SCRA to help refurbish vehicles returning from war

Charleston Regional Business Journal
January 5, 2009

The Army’s automotive center has chosen the S.C. Research Authority to be a partner in the refurbishing of machines returning from battle.

The $1.6 million contract was awarded to SCRA for conceptual, program development and management and engineering expertise.

SCRA, a tax-exempt applied research and commercialization company, said it and other partners will develop and implement a technology that uses laser scanning to save time and money when U.S. combat vehicles return from war.

The program, called Scanning Technology for Accelerating Reset, will look for undocumented parts and test for combat damage a vehicle might have sustained to ensure specific standards and mission requirements are met.

Under the contract, SCRA will work under the direction of the Army Tank Automotive Research, Development and Engineering Center in Warren, Mich. Anniston Army Depot in Anniston, Ala., will implement the laser scanning technology.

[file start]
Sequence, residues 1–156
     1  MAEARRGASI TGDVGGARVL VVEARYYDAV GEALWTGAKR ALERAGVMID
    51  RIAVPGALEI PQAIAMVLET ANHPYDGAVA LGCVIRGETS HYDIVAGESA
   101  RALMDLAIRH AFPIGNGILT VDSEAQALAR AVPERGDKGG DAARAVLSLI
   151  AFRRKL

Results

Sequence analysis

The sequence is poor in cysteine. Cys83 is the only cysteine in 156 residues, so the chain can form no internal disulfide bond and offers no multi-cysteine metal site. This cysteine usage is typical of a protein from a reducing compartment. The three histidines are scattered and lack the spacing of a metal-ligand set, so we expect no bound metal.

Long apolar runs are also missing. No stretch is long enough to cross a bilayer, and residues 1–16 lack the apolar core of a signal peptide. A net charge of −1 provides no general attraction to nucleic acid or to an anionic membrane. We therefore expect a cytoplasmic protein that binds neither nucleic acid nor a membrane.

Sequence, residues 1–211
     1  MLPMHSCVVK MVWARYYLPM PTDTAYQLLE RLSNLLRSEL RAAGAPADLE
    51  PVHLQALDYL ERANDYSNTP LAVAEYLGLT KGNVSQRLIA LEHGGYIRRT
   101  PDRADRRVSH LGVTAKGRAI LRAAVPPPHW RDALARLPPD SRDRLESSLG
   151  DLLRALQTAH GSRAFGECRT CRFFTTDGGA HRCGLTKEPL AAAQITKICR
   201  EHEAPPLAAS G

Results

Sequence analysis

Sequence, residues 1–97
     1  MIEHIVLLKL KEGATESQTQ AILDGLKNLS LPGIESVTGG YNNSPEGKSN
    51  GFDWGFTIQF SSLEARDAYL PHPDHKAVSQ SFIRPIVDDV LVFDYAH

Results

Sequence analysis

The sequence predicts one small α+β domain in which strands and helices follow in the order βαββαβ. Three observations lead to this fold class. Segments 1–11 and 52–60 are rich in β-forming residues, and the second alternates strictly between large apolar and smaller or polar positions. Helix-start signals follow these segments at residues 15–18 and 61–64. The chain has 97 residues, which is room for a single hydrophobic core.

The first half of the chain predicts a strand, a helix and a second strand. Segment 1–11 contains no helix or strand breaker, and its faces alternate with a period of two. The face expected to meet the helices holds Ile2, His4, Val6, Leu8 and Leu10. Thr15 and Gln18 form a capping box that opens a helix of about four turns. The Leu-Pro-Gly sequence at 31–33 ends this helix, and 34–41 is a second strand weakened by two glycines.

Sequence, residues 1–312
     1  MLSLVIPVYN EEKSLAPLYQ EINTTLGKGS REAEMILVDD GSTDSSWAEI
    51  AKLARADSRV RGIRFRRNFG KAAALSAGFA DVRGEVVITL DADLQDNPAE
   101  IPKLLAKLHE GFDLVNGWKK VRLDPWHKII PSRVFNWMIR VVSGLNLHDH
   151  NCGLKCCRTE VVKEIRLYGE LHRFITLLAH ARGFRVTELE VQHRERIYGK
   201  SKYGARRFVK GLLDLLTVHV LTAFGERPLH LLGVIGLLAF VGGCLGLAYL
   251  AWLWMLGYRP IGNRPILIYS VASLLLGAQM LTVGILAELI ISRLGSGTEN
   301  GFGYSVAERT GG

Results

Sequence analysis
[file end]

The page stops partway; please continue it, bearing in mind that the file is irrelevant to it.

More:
“STAR illustrates the capabilities of SCRA and our partners to deliver assured outcomes to the U.S. Army and to our war fighters,” said Bill Mahoney, SCRA’s chief executive. “We are proud to see our ideas put into action which delivers both improved mission fitness and financial returns to our clients.”

Subcontractors who are conducting product data work for the STAR program are Northrup Grumman Information Technology and the Lockheed Martin and Day & Zimmermann company Defense Support Services LLC. Both companies are located in South Carolina.

The STAR program includes:
Laser scans of military vehicles to determine where any undocumented parts have been installed, along with measurement of any sustained battle damage or missing equipment.
Replacement of conventional coordinate measurement machine part inspections with noncontact scanning, which speeds the quality assurance process and enables precise measurements not previously achievable.
Scanning of existing parts for which no drawings exist, with the resulting data converted to computer-aided design models. These models can be quickly fabricated into the required parts. Damaged parts are scanned, and a direct metal deposition system is used to make repairs.

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